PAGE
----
The Adaptations of the Puma

By Hayley Ames; Updated April 25, 2017
Pumas can measure up to 8 feet from nose to tail.

The puma, or puma concolor, is also known by other names, such as cougar and mountain lion. Pumas have inhabited a variety of regions throughout North and South America, and those that live in colder climates migrate during the winter. Pumas are territorial and mark their habitats. Although pumas may hunt either at night or during the day, they are rarely seen by humans. These skillful predators are solitary and secretive.

Agility

Pumas are extremely agile, with features that help them to jump, run, pounce, climb and swim effectively. Strong legs allow the puma to jump up to 40 feet forward or 18 feet into the air. These animals are also very fast, reaching speeds up to 35 miles per hour when running. A flexible spine enables the puma to change direction quickly and effectively during these sprints. Pumas are also adept climbers, a skill that is useful when hiding in trees to escape predators, such as wolves.

Paws

A puma has four claws on both of its back paws and five claws on each of its front paws. These claws are retractable. The puma uses its claws to clutch at its prey when hunting but retracts them to make walking easier and to prevent them from becoming blunted. Pumas’ paws leave only very slight tracks on the ground. This helps the animals to remain hidden from predators and prey.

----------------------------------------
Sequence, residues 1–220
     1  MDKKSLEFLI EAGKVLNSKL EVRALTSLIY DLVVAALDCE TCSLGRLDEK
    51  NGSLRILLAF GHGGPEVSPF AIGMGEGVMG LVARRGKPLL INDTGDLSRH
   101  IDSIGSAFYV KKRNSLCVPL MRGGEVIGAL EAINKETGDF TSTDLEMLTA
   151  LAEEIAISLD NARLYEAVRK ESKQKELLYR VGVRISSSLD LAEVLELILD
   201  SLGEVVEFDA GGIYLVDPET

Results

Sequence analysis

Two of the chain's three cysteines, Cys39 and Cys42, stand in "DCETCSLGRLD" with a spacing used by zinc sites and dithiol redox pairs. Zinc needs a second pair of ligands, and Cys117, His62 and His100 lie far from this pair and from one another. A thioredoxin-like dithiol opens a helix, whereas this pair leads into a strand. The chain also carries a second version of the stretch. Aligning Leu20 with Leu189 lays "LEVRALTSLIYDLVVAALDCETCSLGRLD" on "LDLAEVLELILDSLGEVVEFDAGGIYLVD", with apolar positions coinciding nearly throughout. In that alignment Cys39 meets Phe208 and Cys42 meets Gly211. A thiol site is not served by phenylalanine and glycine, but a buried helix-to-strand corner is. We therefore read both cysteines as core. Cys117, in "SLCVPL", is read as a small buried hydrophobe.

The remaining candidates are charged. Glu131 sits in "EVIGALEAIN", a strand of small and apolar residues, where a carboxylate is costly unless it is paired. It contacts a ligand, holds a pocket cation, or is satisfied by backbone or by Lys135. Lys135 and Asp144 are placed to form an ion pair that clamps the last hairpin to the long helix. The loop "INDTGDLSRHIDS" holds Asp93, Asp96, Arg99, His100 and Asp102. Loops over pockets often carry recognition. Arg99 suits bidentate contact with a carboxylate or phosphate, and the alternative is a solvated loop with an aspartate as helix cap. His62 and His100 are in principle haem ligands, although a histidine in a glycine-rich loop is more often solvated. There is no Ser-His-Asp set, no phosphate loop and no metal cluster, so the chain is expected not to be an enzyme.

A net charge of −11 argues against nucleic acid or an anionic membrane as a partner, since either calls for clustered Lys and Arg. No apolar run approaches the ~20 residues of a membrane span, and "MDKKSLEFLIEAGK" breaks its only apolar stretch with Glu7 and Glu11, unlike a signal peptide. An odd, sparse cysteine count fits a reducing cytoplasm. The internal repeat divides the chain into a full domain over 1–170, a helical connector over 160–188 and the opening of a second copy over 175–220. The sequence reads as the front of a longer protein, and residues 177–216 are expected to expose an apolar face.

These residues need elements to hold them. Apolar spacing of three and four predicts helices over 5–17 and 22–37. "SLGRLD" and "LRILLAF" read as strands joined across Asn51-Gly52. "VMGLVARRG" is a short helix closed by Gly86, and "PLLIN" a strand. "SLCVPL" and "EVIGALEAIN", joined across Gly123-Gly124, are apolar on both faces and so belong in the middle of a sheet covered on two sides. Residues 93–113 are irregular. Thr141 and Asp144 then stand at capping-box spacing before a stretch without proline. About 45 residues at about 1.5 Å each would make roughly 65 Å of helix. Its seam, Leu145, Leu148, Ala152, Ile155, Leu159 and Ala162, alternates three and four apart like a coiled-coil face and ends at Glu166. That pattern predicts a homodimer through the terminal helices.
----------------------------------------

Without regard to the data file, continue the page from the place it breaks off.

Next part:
Stalking

Pumas are carnivorous and hunt virtually any mammal and, occasionally, other animals, such as fish. These secretive animals are skillful stalkers. Their highly developed vision and sense of hearing play an important role in their ability to stalk prey effectively. Pumas hide in vegetation and rocky areas when they are stalking. Before attack, the puma will remain hidden with ears pointed up, eyes on its prey and its body crouched ready to pounce. It may also hide in a tree, ready to jump down onto its prey.

Attack

Pumas are perfectly adapted to hunt and kill their prey swiftly. Puma cubs will begin to hunt their own prey from the age of 6 months, although cubs hunt much smaller animals to begin with. When a puma is ready to attack, its uses its strong hind legs to pounce at its prey. Its front legs are longer than its hind legs, allowing it to use them for holding onto its prey. The puma jumps onto its prey’s back and quickly uses its strong neck and jaw muscles to bite into the prey's neck. The flexible spine also helps a puma to carry out this attack.

About the Author

Born in Norfolk, United Kingdom, Hayley Ames' writing experience includes blog articles for a travel website. Ames was awarded a Bachelor of Arts in English language and literature from the University of Sheffield in the United Kingdom.